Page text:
A class for the masochists, Hearthstone's Warlock takes a reckless approach to both gaining additional cards and fielding low-cost minions. The Warlock's Hero Power is an offensive one with a twist, as activating it will grant the player an extra card at the expense of two health. Minions like the Flame Imp allow the Warlock to fire off a strong early minion for next to nothing, while taking a few damage to the face as a penalty. All things considered, it's great fun to play if you can hold your nerve, and don't mind dipping into your own health pool to get ahead in the long run.
The Warlock has also established itself as the aggressive class du jour at the time of writing, and in most encounters you'll find yourself looking down the barrel of a steady stream of low-powered, soon-to-be buffed minions that can end a game before even half a dozen turns have been completed. While it's true that not every Warlock currently favours this aggressive style of play, it generally pays to Mulligan your starting hand aggressively to ensure you have plenty of low-cost removal spells and creatures in your starting hand. If you can kill off the early rush, these minion-heavy Warlocks can run out of options very quickly indeed.
Popular Warlock cards
This zero-mana card is a great finisher, particularly if you can play it from an otherwise empty hand and avoid its randomly targeted penalty - you really don't want to lose that nice big minion you have in reserve, just as you're approaching the finishing line. If you're on the ropes, it's also a great card for getting rid of low-health taunt minions - just make sure you've played your hand out before putting this spell into play.
Don't think you can't get any value out of this card as the passive opponent in the exchange. The card the Warlock sacrifices in exchange for this free damage is flashed very briefly at the top of the screen. Keep your eyes peeled for when this happens, and you'll gain insight into both the type of deck the Warlock is running, and where they now have a weakness. And let's be honest, it's always a good laugh to see an opponent's Legendary card fizzle out of existence.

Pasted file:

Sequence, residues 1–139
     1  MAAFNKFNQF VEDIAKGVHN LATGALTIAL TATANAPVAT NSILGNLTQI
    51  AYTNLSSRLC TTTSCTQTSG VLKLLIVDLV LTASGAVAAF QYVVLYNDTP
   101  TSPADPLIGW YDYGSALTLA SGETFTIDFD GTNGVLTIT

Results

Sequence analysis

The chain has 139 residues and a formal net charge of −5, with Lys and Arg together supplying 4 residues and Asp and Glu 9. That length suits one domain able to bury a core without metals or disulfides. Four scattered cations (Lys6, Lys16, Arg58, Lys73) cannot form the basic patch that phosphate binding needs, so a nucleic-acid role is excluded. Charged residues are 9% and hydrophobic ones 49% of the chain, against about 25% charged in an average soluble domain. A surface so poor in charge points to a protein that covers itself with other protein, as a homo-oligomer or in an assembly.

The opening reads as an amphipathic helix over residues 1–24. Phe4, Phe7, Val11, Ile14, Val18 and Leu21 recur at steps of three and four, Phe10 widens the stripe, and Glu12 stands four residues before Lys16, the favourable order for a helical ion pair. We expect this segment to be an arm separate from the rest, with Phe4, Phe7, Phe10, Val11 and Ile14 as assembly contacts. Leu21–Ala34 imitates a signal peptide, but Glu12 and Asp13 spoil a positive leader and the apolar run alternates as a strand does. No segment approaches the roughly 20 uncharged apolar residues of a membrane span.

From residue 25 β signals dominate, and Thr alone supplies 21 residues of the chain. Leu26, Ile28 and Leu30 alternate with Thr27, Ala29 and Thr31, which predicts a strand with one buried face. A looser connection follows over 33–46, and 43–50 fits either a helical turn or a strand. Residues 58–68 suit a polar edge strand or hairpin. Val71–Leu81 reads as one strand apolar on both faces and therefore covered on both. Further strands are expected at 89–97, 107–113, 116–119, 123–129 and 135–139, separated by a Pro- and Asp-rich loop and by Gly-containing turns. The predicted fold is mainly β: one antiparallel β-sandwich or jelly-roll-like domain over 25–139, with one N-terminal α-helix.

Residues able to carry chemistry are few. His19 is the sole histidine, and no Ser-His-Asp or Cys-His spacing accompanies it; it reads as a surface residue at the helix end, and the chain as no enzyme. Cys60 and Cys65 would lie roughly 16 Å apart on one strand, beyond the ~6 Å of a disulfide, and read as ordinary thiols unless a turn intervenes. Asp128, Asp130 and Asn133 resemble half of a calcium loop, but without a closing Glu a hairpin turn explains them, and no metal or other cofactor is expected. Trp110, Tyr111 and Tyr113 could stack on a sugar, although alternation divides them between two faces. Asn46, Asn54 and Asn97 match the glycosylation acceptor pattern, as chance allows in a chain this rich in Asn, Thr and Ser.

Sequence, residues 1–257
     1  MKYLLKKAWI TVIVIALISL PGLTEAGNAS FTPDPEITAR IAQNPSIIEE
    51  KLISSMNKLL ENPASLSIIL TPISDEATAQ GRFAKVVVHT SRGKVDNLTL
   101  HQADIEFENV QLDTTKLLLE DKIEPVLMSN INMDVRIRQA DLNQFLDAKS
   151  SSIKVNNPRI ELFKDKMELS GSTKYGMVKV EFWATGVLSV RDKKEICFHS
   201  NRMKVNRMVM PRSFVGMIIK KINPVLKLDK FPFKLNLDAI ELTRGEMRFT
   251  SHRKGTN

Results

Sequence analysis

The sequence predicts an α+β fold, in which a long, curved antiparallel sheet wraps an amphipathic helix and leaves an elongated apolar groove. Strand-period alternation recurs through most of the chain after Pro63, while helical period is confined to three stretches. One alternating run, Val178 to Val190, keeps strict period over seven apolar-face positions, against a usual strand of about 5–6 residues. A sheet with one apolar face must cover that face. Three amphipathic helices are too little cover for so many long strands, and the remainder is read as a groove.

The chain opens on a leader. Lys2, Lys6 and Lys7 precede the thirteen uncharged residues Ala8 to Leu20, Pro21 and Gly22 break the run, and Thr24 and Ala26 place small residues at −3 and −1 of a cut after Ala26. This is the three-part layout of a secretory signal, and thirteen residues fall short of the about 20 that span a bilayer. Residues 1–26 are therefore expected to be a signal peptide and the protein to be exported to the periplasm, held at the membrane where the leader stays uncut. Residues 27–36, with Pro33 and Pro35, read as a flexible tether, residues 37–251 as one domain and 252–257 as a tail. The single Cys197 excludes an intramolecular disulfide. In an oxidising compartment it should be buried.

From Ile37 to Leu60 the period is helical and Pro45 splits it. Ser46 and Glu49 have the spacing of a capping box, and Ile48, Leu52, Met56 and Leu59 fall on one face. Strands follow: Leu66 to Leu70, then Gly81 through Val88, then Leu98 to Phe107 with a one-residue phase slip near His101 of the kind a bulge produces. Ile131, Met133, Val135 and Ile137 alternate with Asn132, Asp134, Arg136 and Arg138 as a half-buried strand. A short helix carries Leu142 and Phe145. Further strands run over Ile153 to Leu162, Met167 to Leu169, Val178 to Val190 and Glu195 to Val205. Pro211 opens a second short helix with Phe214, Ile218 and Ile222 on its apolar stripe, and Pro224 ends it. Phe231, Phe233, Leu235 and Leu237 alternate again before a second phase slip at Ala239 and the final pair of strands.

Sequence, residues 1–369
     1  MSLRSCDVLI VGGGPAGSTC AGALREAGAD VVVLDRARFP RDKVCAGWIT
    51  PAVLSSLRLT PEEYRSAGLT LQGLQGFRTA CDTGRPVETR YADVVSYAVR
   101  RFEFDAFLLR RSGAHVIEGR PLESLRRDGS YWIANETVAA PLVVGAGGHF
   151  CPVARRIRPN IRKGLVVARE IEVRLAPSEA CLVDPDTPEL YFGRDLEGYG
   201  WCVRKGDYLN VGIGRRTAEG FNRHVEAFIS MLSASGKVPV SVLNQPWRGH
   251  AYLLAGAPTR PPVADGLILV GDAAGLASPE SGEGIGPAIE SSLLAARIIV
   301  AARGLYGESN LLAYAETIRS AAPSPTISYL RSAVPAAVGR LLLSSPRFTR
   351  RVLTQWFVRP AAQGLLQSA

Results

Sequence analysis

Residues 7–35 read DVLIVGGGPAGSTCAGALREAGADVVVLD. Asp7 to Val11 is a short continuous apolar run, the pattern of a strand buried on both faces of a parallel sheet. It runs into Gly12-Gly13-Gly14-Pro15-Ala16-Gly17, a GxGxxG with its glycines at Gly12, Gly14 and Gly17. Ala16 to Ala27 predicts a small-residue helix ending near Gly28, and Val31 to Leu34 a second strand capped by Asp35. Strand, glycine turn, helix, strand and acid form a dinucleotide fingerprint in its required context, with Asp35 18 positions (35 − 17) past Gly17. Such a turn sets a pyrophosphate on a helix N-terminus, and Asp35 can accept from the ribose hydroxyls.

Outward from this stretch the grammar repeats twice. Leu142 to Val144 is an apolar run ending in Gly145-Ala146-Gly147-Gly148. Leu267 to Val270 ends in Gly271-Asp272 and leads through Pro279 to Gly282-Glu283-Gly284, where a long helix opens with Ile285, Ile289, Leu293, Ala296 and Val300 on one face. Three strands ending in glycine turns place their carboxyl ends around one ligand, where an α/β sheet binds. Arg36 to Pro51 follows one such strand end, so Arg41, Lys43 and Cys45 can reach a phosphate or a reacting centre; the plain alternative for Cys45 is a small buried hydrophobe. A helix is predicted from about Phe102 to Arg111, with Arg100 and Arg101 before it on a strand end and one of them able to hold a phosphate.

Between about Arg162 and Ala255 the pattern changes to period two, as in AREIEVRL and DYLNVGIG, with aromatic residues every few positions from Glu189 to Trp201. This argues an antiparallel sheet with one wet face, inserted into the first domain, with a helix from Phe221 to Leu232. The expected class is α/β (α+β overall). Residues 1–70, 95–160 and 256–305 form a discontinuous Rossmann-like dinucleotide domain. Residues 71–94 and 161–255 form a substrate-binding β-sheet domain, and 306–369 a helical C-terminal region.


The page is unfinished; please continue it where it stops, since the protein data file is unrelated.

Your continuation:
The low cost of this stealthy little healer makes it perfectly suited to any rush deck you care to play. If you have The Coin and another single-mana minion in your hand, you can leave your first turn knowing that your weak, light fighter is guaranteed to receive a health boost. Combine this card with the Flame Imp in your opening hand and you'll be off to a great start.
There's not a huge amount you'll be able to do against this card in the early stages of a match. If it remains stealthed, you'll have to rely on area-of-effect or randomly targeted damage for it to leave the board. This pesky little creature is just another excuse to Mulligan your opening hand aggressively until you have plenty of low-cost removal cards.
The Warlock's core area-of-effect spell comes with the same kind of masochistic caveat you'd expect from the class. Many a Warlock player has wiped their own minion along with their opponent's, and even put their Hero into the grave by misreading the text of this card. Both heroes and every single minion takes three damage - you've been warned.
You won't see Hellfire played that often in aggressive rush decks, but if your opponent appears to be aiming for stronger minions later on in the game, you can be pretty sure that this devastating spell will make an appearance at some point. Just as it is with the Mage and the Priest, resist the urge to over-extend your minions on the board, and always keep a little something back if you can still maintain pressure with what you have in play.
The Flame Imp may take its first swipe at your own face, but you can feel pretty confident that you can hit your opponent with it at least once. It's a fantastic turn-one option, and it's guaranteed to send your opponent racing through their hand to spend whatever they have to kill it. A great, high-pressure opening card - if it's part of your deck, always keep it in the hand you're initially dealt.
If you've found yourself staring down the barrel of this little blighter, look for the most efficient method in your hand to take it out. Just keep one eye on the next turn, and make sure you have something left over to lay down if you can, otherwise you're going to be playing catch-up for the whole match.
The best basic Warlock deck
There are many variations on the so-called Warlock "zoo" deck, and while this aggressive playstyle is considered cheap by many Hearthstone players, there's no denying its effectiveness at both climbing up the rankings and farming Daily Quests and Gold. Once again we're turning to Hearthpwn for a version of the deck that you can play using only the game's basic free cards.
The strategy behind this deck is pretty simple. You use the many low-cost minions in your arsenal to eliminate your opponent's early minions, while maintaining an - admittedly fragile - stall of your own. If you have enough minions on the board to boost your Frostwolf Warlord up to seven health and damage - or more - then play it. You can also use your Stormwind Champion to put a twist on things, and give your weak minions more power and survivability.
It's worth holding back on playing your Wolfrider or Bluegill Warrior if you have an alternative play available. You might well wish you had these in your back pocket if you suddenly find yourself overpowered on the board and in need of an immediate fix.
You can find the rest of our round-up of the best basic Hearthstone decks from the index page of this article.
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